IAEA chief Mohamed ElBaradei had made it public knowledge back then and had expressed concern about who potentially had come in possession of the information.

The diplomat referred a reporter to a transcript of a panel discussion on Nov. 7, 2005, where ElBaradei spoke of at least one weapons design being copied by the Khan network onto a CD-ROM "that went somewhere that we haven't seen" and added, "That gives you an indication of ... how much the technology had (been) disseminated."

Saturday, June 14, 2008

Presidential Directive Orders Sharing of Biometric Data

Via FAS Blog -

The White House last week issued a National Security Presidential Directive (NSPD-59) to provide a framework for government agencies to collect, maintain and share biometric data such as fingerprints and other physiological or behavioral characteristics of suspected terrorists.

“The ability to positively identify those individuals who may do harm to Americans and the Nation is crucial to protecting the Nation,”
the directive states.

“Many agencies already collect biographic and biometric information in their identification and screening processes. With improvements in biometric technologies, and in light of its demonstrated value as a tool to protect national security, it is important to ensure agencies use compatible methods and procedures in the collection, storage, use, analysis, and sharing of biometric information.”

“Through integrated processes and interoperable systems, agencies shall, to the fullest extent permitted by law, make available to other agencies all biometric and associated biographic and contextual information associated with persons for whom there is an articulable and reasonable basis for suspicion that they pose a threat to national security.”

“The Director of the Office of Science and Technology Policy,” who hasn’t been heard from much lately, “shall coordinate executive branch biometric science and technology policy.”

The new directive on “Biometrics for Identification and Screening to Enhance National Security” was issued on June 5, 2008 as both National Security Presidential Directive 59 and Homeland Security Presidential Directive 24.

Pakistan's Frontier Corps: Friend or Foe?

Via CT Blog -

The dustup between the U.S. and its Pakistani counterterror allies over a June 10 firefight on the Afghanistan border has stirred up new questions about Islamabad's commitment to the fight and the loyalties of its border guards.

According to Pakistan, at least 11 of its paramilitary Frontier Corps border force were killed by coalition forces firing into Pakistan from inside Afghanistan this week. That's a pretty novel charge but hardly a new complaint. What Pakistani officials typically fail to acknowledge are the countless cross-border incursions by the Taliban and Al Qaeda and other militias enjoying safe havens in their country, who often fire rockets at U.S. and Afghan bases from the tribal areas on the other side of the disputed Durand Line.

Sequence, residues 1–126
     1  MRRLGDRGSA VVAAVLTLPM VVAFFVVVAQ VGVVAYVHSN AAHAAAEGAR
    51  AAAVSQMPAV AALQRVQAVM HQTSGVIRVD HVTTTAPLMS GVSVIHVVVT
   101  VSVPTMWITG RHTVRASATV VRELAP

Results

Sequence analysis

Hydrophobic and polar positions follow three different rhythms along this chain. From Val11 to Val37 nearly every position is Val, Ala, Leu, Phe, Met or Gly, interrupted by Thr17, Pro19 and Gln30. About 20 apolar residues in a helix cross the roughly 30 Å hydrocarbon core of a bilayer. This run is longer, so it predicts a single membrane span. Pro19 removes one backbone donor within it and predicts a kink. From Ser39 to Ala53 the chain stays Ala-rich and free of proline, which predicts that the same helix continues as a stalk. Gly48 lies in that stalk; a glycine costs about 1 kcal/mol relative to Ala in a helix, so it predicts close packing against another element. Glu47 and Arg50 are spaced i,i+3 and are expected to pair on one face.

To bolster U.S. claims that its forces on the Afghan side were attacked during a combat operation in Kunar province coordinated in advance with Pakistani military commanders, the U.S. military command at Bagram Airfield released an edited video of the 90-minute firefight taken by an unmanned drone (see below). A small group of people can be seen on the infrared video firing small arms and RPGs as an unidentified narrator points out that, "It is clear that there are no military structures or outposts in the area."

While the governments involved sort out who fired at whom, it’s worth noting that U.S. troops fighting along the border have long contended that the Frontier Corps - an almost exclusively Pashtun tribal militia overseen by Islamabad - has been viewed as often aiding or abetting Islamic insurgents. Pakistan defends the force by saying they have suffered hundreds of casualties fighting extremists.

One U.S. veteran involved in the border fight recently told me about an ambush in which a Special Forces operator was killed. U.S. troops following a blood trail leading to a wounded attacker found he was a Frontier Guard officer carrying a map that identified multiple U.S. "hide sites" used to maintain covert surveillance of cross-border incursions.

When I visited Camp Tillman near Lwara, Afghanistan three years ago for the New York Daily News, U.S. commanders complained bitterly about a number of incidents in which Frontier Corps troops looked the other way when Al Qaeda-led insurgents ambushed U.S. troops and never warned their American counterparts of interlopers they could plainly see from their rocky outposts.

Last April, a Washington Post reporter visited the same area and was told by one soldier: "The Frontier Corps might as well be Taliban .... They are active facilitators of infiltration."

None of this should be surprising. A 1996 State Department cable declassified last year and obtained by the National Security Archive said Islamabad had used the Frontier Corps to train and fight alongside the Taliban in Afghanistan prior to the Sept. 11, 2001 terror attacks. "These Frontier Corps elements are utilized in command and control; training; and when necessary - combat," the cable said.


Edited Video of the Jun 10th Battle Along the PK-AF Border (Cleared for Public Release)

Groups Ask Court to Review Border Laptop Searches

Via InfoWorld -